Terry, Peter C. and Karageorghis, Costas I. and Mecozzi, Alessandra S. and D'Auria, Shaun I. (2011) Ergogenic, psychological, and psychophyiological effects of synchronous music on treadmill running. In: 13th FEPSAC European Congress of Sport Psychology: Sport and Exercise Psychology: Human Performance, Well-being and Health (ECSP 2011), 12-17 Jul 2011, Madeira, Portugal.
PDF (Published Version)
Music has been shown to exert various ergogenic (i.e., work-enhancing), psychological (e.g., improved mood), and psychophysical (i.e., lowered perceptions of exertion) benefits during physical activity.When movements are performed in synchrony with music, some of the benefits (e.g., work-enhancement) appear to be amplified (see e.g., Karageorghis, Mouzourides, Priest, Sasso, Morrish, & Whalley, 2009).To further develop the train of research on synchronous music and to extend it to elite athletes, the present study utilised a sample of Australian triathletes (N = 11) who were exposed to either self-selected motivational music, a neutral equivalent (in terms of its motivational qualities), or a no-music control during steady-state and exhaustive treadmill running.The measured variables were work output (aerobic endurance), psychological (mood states, feeling states), psychophysical (RPE scale), and physiological (blood lactate, oxygen consumption, metabolic efficiency). Both music conditions, in particular the motivational selection, were found to exert consistent benefits across each dependent measure when compared to the no-music control. Notably, feeling states remained more positive throughout the test in the motivational music condition when compared to the other conditions. However, the differences in endurance between motivational and neutral music conditions were negligible, indicating that that music's affective/aesthetic qualities are of lesser importance when used synchronously. The present findings also indicate that both music conditions enhanced metabolic efficiency to a degree that implies a practical value at the highest levels of competition. Guidelines will be offered to facilitate the application of synchronous music among elite endurance athletes.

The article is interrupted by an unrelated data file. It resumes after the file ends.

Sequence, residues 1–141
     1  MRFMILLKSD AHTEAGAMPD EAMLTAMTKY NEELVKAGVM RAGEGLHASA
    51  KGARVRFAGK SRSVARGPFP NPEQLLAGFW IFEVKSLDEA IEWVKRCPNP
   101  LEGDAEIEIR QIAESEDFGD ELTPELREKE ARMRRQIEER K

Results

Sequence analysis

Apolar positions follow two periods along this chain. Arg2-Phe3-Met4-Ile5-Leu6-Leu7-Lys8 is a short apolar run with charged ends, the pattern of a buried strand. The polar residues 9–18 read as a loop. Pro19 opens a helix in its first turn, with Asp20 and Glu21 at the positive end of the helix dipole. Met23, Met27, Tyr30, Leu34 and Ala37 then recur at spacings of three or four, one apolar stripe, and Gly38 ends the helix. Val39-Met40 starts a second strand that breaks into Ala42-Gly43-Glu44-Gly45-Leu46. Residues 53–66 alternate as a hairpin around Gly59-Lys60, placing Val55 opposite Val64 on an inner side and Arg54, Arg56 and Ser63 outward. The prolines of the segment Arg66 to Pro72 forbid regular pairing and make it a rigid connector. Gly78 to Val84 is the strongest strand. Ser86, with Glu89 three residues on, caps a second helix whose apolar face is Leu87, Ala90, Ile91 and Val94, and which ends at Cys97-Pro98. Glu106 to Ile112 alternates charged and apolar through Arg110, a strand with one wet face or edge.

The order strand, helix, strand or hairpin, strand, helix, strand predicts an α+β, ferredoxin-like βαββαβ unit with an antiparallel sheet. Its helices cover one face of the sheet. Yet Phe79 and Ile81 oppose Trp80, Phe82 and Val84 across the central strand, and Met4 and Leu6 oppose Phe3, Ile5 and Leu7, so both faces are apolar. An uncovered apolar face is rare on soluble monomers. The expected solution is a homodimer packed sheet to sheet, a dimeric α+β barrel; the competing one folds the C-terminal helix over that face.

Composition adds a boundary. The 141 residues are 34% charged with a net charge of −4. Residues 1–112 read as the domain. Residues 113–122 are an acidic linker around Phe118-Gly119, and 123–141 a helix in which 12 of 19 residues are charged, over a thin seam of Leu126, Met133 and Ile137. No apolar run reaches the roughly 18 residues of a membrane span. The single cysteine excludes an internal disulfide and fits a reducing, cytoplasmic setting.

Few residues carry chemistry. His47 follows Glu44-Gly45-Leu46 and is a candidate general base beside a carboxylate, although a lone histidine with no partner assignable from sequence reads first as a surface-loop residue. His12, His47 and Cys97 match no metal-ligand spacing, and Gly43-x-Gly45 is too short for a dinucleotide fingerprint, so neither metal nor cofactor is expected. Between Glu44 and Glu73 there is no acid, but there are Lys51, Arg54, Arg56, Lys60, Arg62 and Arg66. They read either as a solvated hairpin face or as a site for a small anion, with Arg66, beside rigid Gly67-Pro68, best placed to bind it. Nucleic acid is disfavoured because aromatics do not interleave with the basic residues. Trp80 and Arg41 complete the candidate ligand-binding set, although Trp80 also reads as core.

|Item Type:||Conference or Workshop Item (Commonwealth Reporting Category E) (Poster)|
|Additional Information:||Only the abstract, as provided here, was published in the conference proceedings.|
|Uncontrolled Keywords:||motivation; sport; exercise; performance; elite athletes|
|Depositing User:||Prof Peter Terry|
|Date Deposited:||06 Jun 2012 05:47|
|Last Modified:||03 Jul 2013 01:11|
Actions (login required)
|Archive Repository Staff Only|